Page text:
Includes bibliographical references and index.
|Statement||Arthur Taylor von Mehren, James Russell Gordley.|
|Series||Law school casebook series|
|The Physical Object|
|Pagination||xxiii, 1243 p. ;|
|Number of Pages||1243|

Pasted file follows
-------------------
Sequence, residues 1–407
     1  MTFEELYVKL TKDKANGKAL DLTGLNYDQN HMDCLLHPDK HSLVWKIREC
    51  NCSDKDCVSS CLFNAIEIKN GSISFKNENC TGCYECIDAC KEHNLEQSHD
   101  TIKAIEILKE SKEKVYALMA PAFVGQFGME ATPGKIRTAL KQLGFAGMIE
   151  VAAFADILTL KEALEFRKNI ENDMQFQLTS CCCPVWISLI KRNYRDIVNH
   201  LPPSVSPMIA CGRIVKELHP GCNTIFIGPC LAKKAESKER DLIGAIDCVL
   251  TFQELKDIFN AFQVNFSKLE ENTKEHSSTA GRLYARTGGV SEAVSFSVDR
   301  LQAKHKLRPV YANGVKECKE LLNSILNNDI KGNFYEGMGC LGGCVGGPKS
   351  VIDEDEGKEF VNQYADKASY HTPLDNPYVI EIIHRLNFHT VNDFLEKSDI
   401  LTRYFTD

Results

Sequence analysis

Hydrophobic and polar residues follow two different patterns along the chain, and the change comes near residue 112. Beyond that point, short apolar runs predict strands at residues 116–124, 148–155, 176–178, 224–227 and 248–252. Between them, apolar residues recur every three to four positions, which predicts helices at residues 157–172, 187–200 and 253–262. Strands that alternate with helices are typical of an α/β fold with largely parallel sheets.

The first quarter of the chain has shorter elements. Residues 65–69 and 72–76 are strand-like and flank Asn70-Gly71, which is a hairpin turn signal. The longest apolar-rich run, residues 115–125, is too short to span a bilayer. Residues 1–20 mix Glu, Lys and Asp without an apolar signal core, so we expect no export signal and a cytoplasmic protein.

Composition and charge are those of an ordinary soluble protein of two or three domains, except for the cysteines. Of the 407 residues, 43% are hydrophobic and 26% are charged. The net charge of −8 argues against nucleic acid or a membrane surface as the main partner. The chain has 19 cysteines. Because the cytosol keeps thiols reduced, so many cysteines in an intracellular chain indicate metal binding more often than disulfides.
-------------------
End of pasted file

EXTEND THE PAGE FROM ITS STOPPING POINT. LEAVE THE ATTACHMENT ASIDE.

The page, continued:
4 A Primer on the Civil-Law System two types of civil judges: the magistrate, or praetor, and the judge for the trial, or judex. This judiciary was nonprofessional. The praetors and judices seldom had any legal training. The judicial capacity of the praetor, elected for a one-year term, was limited. civil law than the decisions of legislators and legal schol-ars who draft and interpret the codes. The following sections explore the historical. roots of these differences. THE COMMON LAW AND CIVIL LAW TRADITIONS. Above: Woodcut of a court scene from. Praxis criminis persequendi, Jean Milles de Souvigny, The Robbins Size: 1MB. What is the Civil Law? Civil law systems, also called continental or Romano-Germanic legal systems, are found on all continents and cover about 60% of the world. They are based on concepts, categories, and rules derived from Roman law, with some influence of canon law, sometimes largely supplemented or modified by local custom or culture. Civil Law. A body of rules that delineate private rights and remedies, and govern disputes between individuals in such areas as contracts, property, and Family Law; distinct from criminal or public law. Civil law systems, which trace their roots to ancient Rome, are governed by doctrines developed and compiled by legal scholars.